Are orange ladybirds poisonous? Different colours explained

In recent weeks, you may have noticed more ladybirds stopping by to pay a visit to your home.

You wouldn’t be alone, as many have taken to Twitter to share pictures of swarms of ladybirds around their doors, windows and walls.

Ladybirds start to make more of an appearance as temperatures start to drop, as they gravitate towards warmer areas, such as your cosy house.

While the red and black Harlequin ladybirds may be the most commonly sighted, they do come in a number of different colours, including orange.

But what do these colours mean, and are any ladybirds poisonous?

Are orange ladybirds poisonous?

No need to fret, ladybirds are not poisonous to humans but they can cause allergic reactions and affect some animals if eaten.

Orange-tinted ladybugs – also known as Asian lady beetles – tend to have the most toxins in their bodies, meaning that they may be the most allergenic to humans.

Some species of ladybird may bite under certain circumstances, such as when there is no food or water but this is very rare.

A bite from a ladybird could leave a slight mark and possibly a bit of itching but some people may suffer an allergic reaction from a bite.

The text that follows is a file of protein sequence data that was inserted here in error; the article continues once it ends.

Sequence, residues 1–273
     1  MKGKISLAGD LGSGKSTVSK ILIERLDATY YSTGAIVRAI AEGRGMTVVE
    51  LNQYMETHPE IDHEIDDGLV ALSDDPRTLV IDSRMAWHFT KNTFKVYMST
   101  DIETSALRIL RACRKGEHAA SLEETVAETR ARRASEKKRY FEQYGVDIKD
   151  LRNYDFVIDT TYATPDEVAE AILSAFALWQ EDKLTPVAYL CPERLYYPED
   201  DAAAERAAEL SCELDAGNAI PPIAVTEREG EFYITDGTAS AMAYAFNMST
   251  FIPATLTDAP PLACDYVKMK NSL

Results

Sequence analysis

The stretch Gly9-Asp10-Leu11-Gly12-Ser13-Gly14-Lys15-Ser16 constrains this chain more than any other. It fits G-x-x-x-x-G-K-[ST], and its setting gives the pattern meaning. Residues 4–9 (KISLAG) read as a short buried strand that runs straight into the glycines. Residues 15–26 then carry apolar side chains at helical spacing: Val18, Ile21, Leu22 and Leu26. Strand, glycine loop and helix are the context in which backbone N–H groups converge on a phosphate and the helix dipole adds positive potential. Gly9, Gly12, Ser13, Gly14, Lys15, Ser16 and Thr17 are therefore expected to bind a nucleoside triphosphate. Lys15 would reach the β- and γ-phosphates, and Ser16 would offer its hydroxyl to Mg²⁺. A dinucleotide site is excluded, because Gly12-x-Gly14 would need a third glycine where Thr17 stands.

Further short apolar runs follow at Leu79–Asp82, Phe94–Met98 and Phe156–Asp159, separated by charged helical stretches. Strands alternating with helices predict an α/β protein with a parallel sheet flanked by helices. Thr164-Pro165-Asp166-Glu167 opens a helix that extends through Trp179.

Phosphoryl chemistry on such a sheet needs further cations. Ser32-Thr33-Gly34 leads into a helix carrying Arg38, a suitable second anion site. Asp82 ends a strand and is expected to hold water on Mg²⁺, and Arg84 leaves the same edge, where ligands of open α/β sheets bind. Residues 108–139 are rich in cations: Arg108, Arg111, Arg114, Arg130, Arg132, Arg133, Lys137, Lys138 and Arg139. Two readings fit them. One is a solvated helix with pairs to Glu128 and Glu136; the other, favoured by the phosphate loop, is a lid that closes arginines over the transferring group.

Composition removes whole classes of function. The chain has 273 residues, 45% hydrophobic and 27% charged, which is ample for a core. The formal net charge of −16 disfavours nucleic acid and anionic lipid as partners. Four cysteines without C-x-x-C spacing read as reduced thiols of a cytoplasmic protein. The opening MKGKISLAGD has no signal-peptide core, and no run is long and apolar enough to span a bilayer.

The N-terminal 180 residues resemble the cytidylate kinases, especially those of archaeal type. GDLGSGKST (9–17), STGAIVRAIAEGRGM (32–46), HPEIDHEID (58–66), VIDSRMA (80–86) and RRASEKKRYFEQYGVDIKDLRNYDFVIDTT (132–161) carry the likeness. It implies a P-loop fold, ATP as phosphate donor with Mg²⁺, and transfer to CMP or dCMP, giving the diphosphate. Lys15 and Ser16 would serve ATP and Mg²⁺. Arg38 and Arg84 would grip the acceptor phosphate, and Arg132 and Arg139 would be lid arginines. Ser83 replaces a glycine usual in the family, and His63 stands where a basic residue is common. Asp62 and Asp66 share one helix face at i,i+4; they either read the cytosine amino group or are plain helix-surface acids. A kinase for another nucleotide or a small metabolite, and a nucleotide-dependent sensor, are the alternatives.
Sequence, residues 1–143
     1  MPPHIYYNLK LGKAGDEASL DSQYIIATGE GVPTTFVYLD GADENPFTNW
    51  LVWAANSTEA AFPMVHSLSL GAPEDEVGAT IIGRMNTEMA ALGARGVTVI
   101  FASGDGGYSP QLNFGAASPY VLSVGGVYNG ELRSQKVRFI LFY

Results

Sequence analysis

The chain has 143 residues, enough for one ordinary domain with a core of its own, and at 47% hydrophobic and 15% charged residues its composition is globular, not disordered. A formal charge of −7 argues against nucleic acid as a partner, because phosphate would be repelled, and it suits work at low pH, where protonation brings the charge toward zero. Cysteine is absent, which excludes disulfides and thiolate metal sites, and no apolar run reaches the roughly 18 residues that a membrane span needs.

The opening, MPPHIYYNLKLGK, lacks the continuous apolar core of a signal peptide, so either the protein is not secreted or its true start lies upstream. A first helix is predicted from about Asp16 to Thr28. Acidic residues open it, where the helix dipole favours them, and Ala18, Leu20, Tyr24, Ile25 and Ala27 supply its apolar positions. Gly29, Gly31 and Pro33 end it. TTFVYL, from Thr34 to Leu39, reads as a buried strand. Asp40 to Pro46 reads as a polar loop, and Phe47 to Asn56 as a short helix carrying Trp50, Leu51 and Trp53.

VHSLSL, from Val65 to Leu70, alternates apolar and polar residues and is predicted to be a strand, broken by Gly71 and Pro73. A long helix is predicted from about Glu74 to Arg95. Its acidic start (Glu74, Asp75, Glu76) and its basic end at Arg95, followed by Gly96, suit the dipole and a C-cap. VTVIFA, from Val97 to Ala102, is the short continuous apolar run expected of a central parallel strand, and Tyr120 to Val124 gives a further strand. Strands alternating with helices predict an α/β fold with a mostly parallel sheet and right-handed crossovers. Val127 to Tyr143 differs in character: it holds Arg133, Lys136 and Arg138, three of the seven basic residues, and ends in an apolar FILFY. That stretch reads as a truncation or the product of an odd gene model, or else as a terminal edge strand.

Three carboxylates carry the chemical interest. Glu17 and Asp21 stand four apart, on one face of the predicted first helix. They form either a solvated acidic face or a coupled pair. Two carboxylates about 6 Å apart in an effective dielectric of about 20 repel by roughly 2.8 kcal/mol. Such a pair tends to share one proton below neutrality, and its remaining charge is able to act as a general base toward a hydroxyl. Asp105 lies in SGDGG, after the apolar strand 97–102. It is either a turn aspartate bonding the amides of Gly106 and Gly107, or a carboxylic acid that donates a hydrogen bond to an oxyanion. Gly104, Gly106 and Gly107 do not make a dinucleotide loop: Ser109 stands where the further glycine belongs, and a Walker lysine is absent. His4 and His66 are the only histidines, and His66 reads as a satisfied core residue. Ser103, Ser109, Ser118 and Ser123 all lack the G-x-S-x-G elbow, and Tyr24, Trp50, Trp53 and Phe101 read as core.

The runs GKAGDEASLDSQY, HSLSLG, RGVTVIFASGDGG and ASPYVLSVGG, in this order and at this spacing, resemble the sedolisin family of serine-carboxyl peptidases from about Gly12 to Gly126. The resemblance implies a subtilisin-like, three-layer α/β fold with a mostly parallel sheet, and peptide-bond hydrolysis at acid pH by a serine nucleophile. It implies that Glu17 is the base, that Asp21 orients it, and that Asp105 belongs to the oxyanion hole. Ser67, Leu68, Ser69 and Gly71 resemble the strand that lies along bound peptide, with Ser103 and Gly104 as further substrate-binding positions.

Ladybirds can also secrete a musky, unpleasant smell when threatened that can leave behind a yellowish-red fluid, which is actually their blood.

Their blood contains proteins that can cause allergic reactions in people.

If you experience any worrying symptoms then seek medical advice from your doctor.

What other colours of ladybird are there?

The colour of a ladybird depends upon what variety it is, its diet, and the region they live in.

Their colours also serve as a warning to predators or as camouflage to protect themselves.

A study conducted by the University of Essex determined that the colour offers an honest signal to predators, revealing how potentially how toxic they are.

‘Relatively inconspicuous species, such as the larch ladybird, have low levels of defence and place more emphasis on avoiding being seen, whereas, more conspicuous and colourful species, such as the two-spot ladybird, openly flaunt their strong defences to predators like birds’ said Dr Martin Stevens of The University of Exter.

Here is a breakdown of other colours of ladybird and what they mean:

  • Orange: Otherwise known as Asian lady beetles, orange ladybirds tend to have the most toxins in their bodies. Therefore, they may be the most allergenic to humans.
  • Black: Black ladybirds with small red spots are called pine ladybirds. They are one of the more toxic ladybug species, but not as much as orange ones.
  • Brown: Known as larch ladybugs, they rely on camouflage to protect themselves from predators. They are the least toxic ladybug species.
  • Red: Red bugs tend to be more predatory and able to defend themselves. Red is a deterrent to many larger predators, including birds. However, they are not as poisonous as their orange counterparts.

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